Victims describe an invasive and humiliating process of inspection at these centers. Russia’s soldiers photograph victims from various angles, fingerprint and physically examine them for tattoos, inspect their cell phones and download their contacts and data onto devices, and record their biographic information in a variety of databases. Some victims report being interrogated by suspected Russian intelligence officials. In some cases, Russia’s soldiers confiscated passports, identification documents, and cell phones altogether.
Once in Russia, survivors report that some Ukrainian citizens are permitted to stay with friends and family living in Russia but that people without money or documents are put onto trains destined for cities hundreds of miles away, to be given jobs by Russian authorities. According to Russia’s own Foreign Minister Sergey Lavrov, over one million people have been relocated from Ukraine to Russia since February 24.
The civilians who evacuated the Azovstal steel plant on May 1st and 6th experienced the horrors of Russia’s filtration process firsthand, after surviving two months in basements and bunkers as Russia destroyed their city. One survivor recalled, “We were stripped, they checked scars and tattoos, inspected the women’s underpants.” The survivor recounted how women who knew members of Ukraine’s military or police were threatened and told they will “receive the men’s heads sent back to them in boxes.” Another escapee from Mariupol, a 17-year-old girl, recounted the sexual violence on display during her family’s filtration, saying: “My legs started to tremble when a soldier who was lying on a mattress said [to another soldier]: ‘Don’t you like her? There will be more women later. We’ll find something.’” She noted that the soldiers beat her father for no apparent reason before letting her family through.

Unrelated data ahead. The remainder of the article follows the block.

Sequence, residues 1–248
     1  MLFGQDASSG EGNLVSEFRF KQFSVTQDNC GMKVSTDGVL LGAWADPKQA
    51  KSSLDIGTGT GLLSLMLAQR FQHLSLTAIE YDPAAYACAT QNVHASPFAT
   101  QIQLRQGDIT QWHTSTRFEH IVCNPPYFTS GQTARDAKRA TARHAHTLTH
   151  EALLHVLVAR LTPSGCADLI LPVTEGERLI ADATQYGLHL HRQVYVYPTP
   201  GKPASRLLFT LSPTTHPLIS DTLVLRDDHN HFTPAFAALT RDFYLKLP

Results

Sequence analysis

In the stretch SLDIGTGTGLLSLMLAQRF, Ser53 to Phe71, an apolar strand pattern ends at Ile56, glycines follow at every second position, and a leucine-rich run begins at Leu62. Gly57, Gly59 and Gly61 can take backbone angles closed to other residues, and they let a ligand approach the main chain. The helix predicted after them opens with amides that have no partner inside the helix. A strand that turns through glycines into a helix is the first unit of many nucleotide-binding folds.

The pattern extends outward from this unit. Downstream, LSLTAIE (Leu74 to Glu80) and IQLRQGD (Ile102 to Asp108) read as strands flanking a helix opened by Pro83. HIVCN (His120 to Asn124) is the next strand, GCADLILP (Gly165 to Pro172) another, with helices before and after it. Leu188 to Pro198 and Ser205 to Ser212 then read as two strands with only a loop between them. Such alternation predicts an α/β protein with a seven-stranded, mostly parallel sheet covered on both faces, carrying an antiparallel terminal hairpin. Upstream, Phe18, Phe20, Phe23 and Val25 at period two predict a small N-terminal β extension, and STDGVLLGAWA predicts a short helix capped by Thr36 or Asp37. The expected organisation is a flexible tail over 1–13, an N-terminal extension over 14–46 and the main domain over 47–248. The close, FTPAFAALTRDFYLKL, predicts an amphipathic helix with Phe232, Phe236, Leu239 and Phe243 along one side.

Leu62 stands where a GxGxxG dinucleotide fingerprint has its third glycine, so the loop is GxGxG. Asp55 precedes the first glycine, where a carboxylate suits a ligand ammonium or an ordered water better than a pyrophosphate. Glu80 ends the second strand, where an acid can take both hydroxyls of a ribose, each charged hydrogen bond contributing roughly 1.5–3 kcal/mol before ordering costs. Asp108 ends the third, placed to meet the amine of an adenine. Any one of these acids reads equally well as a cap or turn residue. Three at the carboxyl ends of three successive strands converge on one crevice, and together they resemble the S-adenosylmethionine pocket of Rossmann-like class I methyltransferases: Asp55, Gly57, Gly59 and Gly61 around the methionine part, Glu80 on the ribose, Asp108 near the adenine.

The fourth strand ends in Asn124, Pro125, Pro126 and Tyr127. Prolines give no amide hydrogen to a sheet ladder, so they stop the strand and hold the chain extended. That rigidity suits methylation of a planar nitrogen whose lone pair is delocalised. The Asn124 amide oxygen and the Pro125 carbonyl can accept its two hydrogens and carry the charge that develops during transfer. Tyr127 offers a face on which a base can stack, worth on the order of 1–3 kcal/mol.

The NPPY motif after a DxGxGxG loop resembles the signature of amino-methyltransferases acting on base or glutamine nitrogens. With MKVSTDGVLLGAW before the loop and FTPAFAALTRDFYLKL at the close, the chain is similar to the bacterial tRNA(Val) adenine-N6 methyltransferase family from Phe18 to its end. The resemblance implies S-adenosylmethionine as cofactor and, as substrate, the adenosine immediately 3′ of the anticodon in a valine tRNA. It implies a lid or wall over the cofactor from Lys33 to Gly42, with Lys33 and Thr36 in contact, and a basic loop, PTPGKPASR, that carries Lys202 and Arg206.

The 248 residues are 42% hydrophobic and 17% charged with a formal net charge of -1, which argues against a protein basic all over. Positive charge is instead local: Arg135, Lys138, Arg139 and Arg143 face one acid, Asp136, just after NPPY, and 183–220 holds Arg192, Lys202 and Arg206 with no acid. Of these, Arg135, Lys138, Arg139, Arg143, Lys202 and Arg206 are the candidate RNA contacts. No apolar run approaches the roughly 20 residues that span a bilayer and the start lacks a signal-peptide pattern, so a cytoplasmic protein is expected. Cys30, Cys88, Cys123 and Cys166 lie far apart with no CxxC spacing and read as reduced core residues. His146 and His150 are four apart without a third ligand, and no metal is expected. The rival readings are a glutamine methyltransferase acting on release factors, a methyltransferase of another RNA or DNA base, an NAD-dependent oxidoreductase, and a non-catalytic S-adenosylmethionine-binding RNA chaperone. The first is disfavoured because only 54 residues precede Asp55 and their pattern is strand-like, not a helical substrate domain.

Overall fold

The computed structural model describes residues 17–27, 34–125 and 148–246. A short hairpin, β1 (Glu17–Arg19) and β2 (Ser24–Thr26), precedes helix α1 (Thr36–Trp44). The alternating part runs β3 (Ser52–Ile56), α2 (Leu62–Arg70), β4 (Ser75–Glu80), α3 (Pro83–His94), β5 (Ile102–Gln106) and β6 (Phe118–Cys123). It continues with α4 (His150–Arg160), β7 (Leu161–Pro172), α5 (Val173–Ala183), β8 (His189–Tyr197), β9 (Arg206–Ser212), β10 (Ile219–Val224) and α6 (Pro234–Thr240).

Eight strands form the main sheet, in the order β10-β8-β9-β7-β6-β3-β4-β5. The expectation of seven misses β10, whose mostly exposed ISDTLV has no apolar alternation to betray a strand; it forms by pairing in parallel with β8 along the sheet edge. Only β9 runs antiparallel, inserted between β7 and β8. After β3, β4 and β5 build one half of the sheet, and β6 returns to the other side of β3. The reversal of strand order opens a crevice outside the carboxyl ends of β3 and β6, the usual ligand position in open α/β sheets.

Mr. Chair, as Russia well knows, the forced displacement or transfer of civilians would contravene international humanitarian law – but as we have seen, the Kremlin treats international law with total contempt.
In Donetsk and Luhansk, Russia has sought to normalize these brutal methods of control. There was a time when some commentators actually believed Russia’s puppets and proxies were local so-called “separatists” who independently supported Russia’s invasion. Now we understand more clearly how Russia engineers the situation on the ground once their forces get a hold of Ukrainian territory.
Mr. Chair, we must not allow this evil to stand. The United States will continue to help Ukraine defend itself against Russia’s war of aggression, end the unconscionable war crimes committed by members of Russia’s forces, and hold those responsible to account. Over the course of the past two months, Congress appropriated, and the Administration has made available, roughly $14 billion in funding for security, humanitarian and economic support that has allowed the United States to support Ukraine in its response to Russia’s aggression with a scope, scale, and speed that has never been seen before. This past Monday, President Biden signed the Ukraine Democracy Defense Lend-Lease Act, providing another tool we can use to provide security assistance quickly to Ukraine. Our allies and partners around this table are also doing their part, and we recognize their efforts and encourage even more timely support for Ukraine.
Unprecedented sanctions are already exerting a toll on Russia’s economy, and export controls have cut off Russia’s access to critical technology and the supply chains it needs to sustain its military ambitions. As a result of these controls, Russia is struggling to replenish its weapons and military equipment. Almost 1,000 private sector companies have left Russia, and reports indicate that more than 200,000 Russian nationals, many of whom are highly skilled professionals, have fled the country.
The NATO Alliance is more united than ever, more resolved to fortify its defense and deterrence capabilities. U.S.-EU cooperation is also deepening, and the coalition of countries who have condemned Russia’s egregious violations of the UN Charter, of human rights, and of the laws of war is growing. The costs for this barbarity will continue to compound and intensify.
Mr. Chair, the Kremlin has failed in its initial military objective to dominate Ukraine – but its aggression and the commission of atrocities have succeeded in making Russia a global pariah. We must all remember that victory over tyranny is often hard fought and hard won. It is the collective duty of our countries to continue our unprecedented support to Ukraine as it fights for the freedom of its country and its people and the values we share.
Thank you, Mr. Chair.